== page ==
The conical flask was weighted with the balance and the value was recorded. 2) The beaker was filled with distilled water and the water was added into the conical flask up to the 60 mL mark. The dropper was used when water level was approaching the 60 mL mark. 3) The weight of the conical flask containing water was recorded. 4) The mass of water was found by subtracting the weight of conical flask from the weight of conical flask with water. 5) The volume of water was found from the mass of water .
6) Steps 1) to 5) were repeated ten times.
7) 60 mL was subtracted from each of the calculated volume of water. 8) The data obtained from step 7) were compared with each other and the largest value was taken as the absolute uncertainty of the conical flask.
-The volume of water poured into the conical flask was being decided while the uncertainty of the conical flask, calculated from the experimental volume subtracting theoretical volume of water, was being investigated. -The same conical flask and electronic balance was used throughout the experiment to ensure the results were not to be affected by the difference in apparatus used.
-The volume readings were taken from the bottom of the meniscus of liquid and it was made sure all the liquid was emptied to ensure accurate reading of volume. – A dropper was used when the water level approached 50 mL mark of the conical flask to prevent solution from overflowing the mark and to ensure accurate reading of volume of solution. -Only distilled water was used in the experiment to access fair results in all rounds of experiments.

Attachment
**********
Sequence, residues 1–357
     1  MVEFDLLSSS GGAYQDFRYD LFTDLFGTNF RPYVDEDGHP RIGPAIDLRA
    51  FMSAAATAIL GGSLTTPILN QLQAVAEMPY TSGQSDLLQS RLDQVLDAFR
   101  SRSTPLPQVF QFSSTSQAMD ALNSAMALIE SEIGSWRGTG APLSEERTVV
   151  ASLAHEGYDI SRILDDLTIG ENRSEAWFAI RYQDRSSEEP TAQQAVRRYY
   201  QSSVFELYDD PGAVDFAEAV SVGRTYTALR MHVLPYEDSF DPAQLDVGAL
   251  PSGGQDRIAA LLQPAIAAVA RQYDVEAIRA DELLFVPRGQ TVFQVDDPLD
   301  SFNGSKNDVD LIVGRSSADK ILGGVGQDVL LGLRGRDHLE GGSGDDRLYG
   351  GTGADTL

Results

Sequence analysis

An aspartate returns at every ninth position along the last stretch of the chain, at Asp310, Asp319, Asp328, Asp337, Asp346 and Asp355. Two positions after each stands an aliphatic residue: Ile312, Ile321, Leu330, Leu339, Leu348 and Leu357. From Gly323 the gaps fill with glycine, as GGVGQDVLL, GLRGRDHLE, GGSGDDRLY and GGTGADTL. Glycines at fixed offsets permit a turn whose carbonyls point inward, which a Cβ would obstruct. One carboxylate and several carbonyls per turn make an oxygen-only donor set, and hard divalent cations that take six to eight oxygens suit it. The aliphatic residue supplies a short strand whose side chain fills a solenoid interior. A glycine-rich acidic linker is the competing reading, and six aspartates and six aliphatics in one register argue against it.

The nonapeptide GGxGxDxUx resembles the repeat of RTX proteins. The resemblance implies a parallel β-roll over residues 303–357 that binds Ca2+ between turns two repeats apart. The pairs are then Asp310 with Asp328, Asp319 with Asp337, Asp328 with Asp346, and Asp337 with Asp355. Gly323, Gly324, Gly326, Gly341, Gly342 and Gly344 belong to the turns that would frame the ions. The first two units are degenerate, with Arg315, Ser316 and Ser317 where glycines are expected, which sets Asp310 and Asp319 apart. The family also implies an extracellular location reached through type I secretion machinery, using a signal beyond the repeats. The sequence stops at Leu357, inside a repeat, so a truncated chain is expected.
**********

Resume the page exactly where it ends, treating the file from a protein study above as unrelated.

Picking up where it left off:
-The uncertainties of the balance were neglected because the value (±0.0001g) was too small and has very little effect on the results. -10 sets of data were taken into account for more accurate results. -The experiment was done in room temperature and in an environment of same wind speed to prevent the experimental results from being affected.
-The exterior and the upper 1/3 part of the interior of the conical flask was wiped dry with tissue paper before every set of experiment was carried out to assure accurate measurement of the mass of water contained. -The density of water is assumed to be 1 g/dm³.
The result of the experiment has shown that the uncertainty of a 100mL conical flask is 2mL. Comparing to a 100 mL volumetric flask, which has absolute uncertainty of 0.08mL, a conical flask is rather uncertain and will give inaccurate results. This explains why a conical flask is usually used for holding chemicals (for example in titration, it is used for containing the solution being titrated against and the indicator) instead of used for giving measurements.
In this experiment, an observation was that the value displayed on the balance fluctuated within 0.0004 g. This observation was noted as it implied that even though the wind speed was kept constant around the environment (for example fans and air conditioner turned off), the movements generated by man or usage of balance had minor effect on the accuracy of the result.
The effect of these small errors on the result can be eliminated by carrying out more rounds of the experiment, or by repeating with different electronic balances. Further investigation could be done on finding the values of uncertainty of different sizes and grades of conical flasks. By repeating the experiment with different sizes and grades of conical flasks, we can gain understanding in different instruments and the result might be used as reference in future experiments involving conical flasks.